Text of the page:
A mathematician in the operating room
Mathematician Mathias Barra looks at hospitals as if they are health factories. His goal is to find the safest, most efficient way to organize surgery and the use of shared resources.
In his green gown and face mask, Mathias Barra looks like all the other health personnel crowded around a patient being readied for surgery.
But while Barra hopes his work will lead to better health, he will never place a hand on the patient, nor participate in any operation he observes. His one and only goal is to watch and take notes.
Once the surgery is completed, he’ll enter his data into a computer and try to look for better ways to organize everything using an approach called operational research.
“The goal is to find the answers to the question: How can we perform surgery on as many people as possible, as safely as possible with a limited number of operating rooms and professionals,” Barra said.
Understanding complex systems
Even though Barra is studying medical operations, operational research is not specifically designed for hospitals – or health, for that matter.
Operational research combines mathematical modelling, statistical analysis and mathematical optimization tools to find the best possible solutions to complex decision making problems.
The discipline has its roots in military operations, and in Norway, was used most notably by Kristen Nygaard at the Armed Forces Research Institute in the late 1950s.
Nygaard participated in marches to see observe soldiers’ physical struggles. “Operation Løvsprett” was analysed down to the smallest blister.
Barra has followed the same strategy. He has spent time with surgeons and other hospital professionals from when they first wash their hands to when they sew their last stitch. He has measured the time it takes for each task and mapped out who is doing what - and when.
Introducing the erratic
Barra is trying to build a mathematical model that sets up rules for how actions in the operating theatre unfold.
His computer models are not deterministic. They are stochastic, meaning that they introduce randomness into the mix.
This is how Barra and other mathematicians simulate reality, which is often unpredictable. It’s an approach that follows in the footsteps of Kristen Nygaard, who with his colleague Ole-Johan Dahl developed a programming language, Simula, in the 1960s, which was capable of performing simulations.
Many small steps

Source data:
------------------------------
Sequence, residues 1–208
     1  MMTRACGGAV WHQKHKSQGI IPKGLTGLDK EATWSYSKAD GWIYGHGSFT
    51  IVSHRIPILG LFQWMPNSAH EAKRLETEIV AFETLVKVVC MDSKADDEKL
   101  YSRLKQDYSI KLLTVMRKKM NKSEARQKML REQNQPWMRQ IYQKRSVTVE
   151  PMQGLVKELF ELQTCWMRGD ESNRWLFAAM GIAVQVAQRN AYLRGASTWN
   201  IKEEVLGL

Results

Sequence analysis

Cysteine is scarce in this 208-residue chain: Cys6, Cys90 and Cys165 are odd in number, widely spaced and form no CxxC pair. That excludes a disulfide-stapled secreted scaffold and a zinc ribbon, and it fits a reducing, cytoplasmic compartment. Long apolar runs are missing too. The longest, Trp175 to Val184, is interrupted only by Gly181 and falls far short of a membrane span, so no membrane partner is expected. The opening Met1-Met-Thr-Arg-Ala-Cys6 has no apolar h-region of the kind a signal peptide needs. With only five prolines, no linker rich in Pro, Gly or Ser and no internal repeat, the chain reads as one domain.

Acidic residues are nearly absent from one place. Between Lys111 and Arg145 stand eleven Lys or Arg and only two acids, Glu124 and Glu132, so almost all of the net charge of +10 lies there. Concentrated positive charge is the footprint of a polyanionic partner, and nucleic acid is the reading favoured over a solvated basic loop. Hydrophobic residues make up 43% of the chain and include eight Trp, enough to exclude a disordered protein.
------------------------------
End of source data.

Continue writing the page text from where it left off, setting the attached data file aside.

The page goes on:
As it happens, Ole Johan Dahl's son Fredrik Dahl leads the group for operational research where Barra works. The world is small – and complex.
“Ideally, we would like to do experiments with the model in several alternate realities in the operating room. But we cannot,” says Barra.
Operational analysts have to be content with studying the reality that actually unfolds with the first cut of the scalpel.
“So we need to adapt the model so that it matches better and better with what we actually see. It is a gradual process,” says Barra.
Answering “what if …” questions
Once the model is good enough, it can be used to simulate other ways of running the surgical suite.
It can answer questions such as: What if we bring on an additional doctor?
Or: What if we offset two operations in time so that a shared resource – an anaesthesiologist – has time to go from one operation room to the other?
Another example: Some types of operations vary widely in the amount of time they require. Others are more routine and predictable.
“We can schedule operations that take predictable amounts of time more closely together in the computer program and spread out those with large variations in the amount of time they take,” Barr says. “That way we spread the uncertainty around and it is less likely that there will be a series of delays.”
Animated surgeons, patient flow
When he and his colleagues want to suggest changes in procedures, they need to visualize what they mean for the doctors and nurses who actually perform the operations. It simply won’t work to go down to the doctors and nurses with printouts of computer code.
“We use programs that can animate simulations. They look almost like computer games, and show a virtual operating theatre where there are animated computer characters moving around,” says Barra.
Operations are not the only health service that Barra can analyse. Operational research has also been used to study what is called patient flow.
“How can you best schedule patients for shared resources such as MRI scanners and beds? How can as many stroke patients as possible be helped through therapy and rehabilitation?” Barra says. “Without this kind of analysis, there might be even more patients in hospital corridors than we see today.”
In spite of the nursing care and the meetings between people, a hospital is also like a factory. It’s like big, complicated machinery, says Barra.
But Barra is careful to emphasize that he does not see himself as a money saver.
“The amount of money that is allocated to health services is a political issue. What we are doing is to help get the most and best possible services out of every health kroner,” he says.
Read the Norwegian version of this article at forskning.no